Justice for sexual crimes: start with admin

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Rape. It’s a horrible crime that makes us think of dark alleys and shady strangers. But rape is occurring on beautiful college campuses and is being perpetrated by well-educated young men. This is detailed extensively in the recent Rolling Stone article about incidents of sexual assault at the University of Virginia and the mishandling of these cases. The controversial story has created an uproar over the issue of sexual assault on college campuses around the nation.

In a study done by the Centers for Disease Control, it was found that 19 percent of undergraduate women have been sexually assaulted or a victim of an attempted assault.

Much of the anger over this issue has been directed towards fraternities, which are being blamed for campus rape culture. It wouldn’t be entirely erroneous to blame fraternities and the behaviors they encourage. However, trying to make frats co-ed or doing away with them entirely is a fruitless game of Whack-A-Mole.

Fraternities are deeply entrenched in many institutions’ cultures. Therefore, efforts to shut down fraternities and sororities would do virtually nothing to prevent sexual assault. Not only would it be difficult to nix Greek life, but its effects would be limited.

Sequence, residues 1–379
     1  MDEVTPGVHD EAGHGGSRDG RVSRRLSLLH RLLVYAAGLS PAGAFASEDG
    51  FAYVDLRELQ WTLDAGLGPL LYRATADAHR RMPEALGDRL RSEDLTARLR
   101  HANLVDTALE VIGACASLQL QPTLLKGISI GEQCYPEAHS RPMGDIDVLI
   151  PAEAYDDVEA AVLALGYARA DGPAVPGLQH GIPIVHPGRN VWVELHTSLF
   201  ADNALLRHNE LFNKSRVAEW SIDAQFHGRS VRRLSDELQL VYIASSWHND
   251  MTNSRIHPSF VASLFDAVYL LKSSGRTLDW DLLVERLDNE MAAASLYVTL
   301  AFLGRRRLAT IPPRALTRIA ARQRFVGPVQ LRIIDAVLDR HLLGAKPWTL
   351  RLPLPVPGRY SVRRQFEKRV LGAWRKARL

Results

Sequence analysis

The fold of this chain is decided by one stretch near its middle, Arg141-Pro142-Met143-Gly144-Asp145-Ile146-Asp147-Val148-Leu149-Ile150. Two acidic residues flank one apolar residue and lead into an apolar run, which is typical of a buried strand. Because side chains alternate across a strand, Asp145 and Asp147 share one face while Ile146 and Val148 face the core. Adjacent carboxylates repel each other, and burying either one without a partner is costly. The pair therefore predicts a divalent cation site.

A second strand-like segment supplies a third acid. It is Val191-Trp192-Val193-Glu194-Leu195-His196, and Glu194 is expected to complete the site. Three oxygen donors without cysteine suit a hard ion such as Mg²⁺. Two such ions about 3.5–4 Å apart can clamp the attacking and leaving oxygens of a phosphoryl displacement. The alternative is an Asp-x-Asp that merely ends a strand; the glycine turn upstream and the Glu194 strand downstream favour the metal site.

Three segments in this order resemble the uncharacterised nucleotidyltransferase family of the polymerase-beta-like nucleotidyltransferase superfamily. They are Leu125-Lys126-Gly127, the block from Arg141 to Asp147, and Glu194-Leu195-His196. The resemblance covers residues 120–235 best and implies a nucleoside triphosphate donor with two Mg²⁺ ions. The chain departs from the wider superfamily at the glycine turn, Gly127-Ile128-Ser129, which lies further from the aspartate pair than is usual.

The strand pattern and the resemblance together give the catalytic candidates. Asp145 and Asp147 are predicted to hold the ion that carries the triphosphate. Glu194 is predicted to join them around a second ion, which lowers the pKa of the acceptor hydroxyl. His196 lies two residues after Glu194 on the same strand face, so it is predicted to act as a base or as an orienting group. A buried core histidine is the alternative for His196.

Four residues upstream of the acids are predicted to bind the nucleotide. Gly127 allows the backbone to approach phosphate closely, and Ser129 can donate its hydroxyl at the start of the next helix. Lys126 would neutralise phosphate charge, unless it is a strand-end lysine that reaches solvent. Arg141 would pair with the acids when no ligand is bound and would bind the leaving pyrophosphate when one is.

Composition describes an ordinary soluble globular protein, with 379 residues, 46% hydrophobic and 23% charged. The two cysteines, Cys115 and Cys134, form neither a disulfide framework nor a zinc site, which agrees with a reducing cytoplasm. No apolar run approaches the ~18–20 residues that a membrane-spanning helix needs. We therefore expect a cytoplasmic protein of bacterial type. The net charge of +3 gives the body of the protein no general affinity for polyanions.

As long as there are thousands of young people living together on a campus, there will always be underage and binge drinking. There will always be wild, out-of-control parties where women are preyed on. Getting rid of fraternities won’t change that. Just like how dressing more conservatively doesn’t deter rapists, neither would eliminating Greek life.

What college administrations need to do is take a look in the mirror. At UVA, according to the Rolling Stone article, 183 students have been expelled for Honor Code violations since 1998, and none have been kicked out for rape. In letting rape go unpunished, UVA’s administration is sending offenders the message that sexual assault isn’t nearly as terrible a crime as plagiarism. So if schools want their reputations to remain intact, they need to reconsider how they’re handling rape cases.

For instance, Emma Sulkowicz, a senior at Columbia University, recounted to New York Magazine that the deans who adjudicated her case asked her extremely inappropriate and irrelevant questions. One administrator, Sulkowicz alleges, wrote down that she had been intoxicated the night of her attack, even though she’d been completely sober.

Universities like Columbia have almost unlimited resources, so there’s no reason why they shouldn’t invest in better-trained or even specialized staff who can handle sexual assault cases brought before them. And instead of trying to act as the police, the judge and the jury in such cases, colleges should encourage students to go to the police, who are much better equipped to conduct investigations, and file criminal charges.

Sexual assault is a messy issue, especially when one factors in the blurred lines that are drawn by the alcohol-fueled hook-up culture on many campuses. There is no easy solution to this problem. But fixing the broken disciplinary system that universities have created is a necessary step forward towards change.

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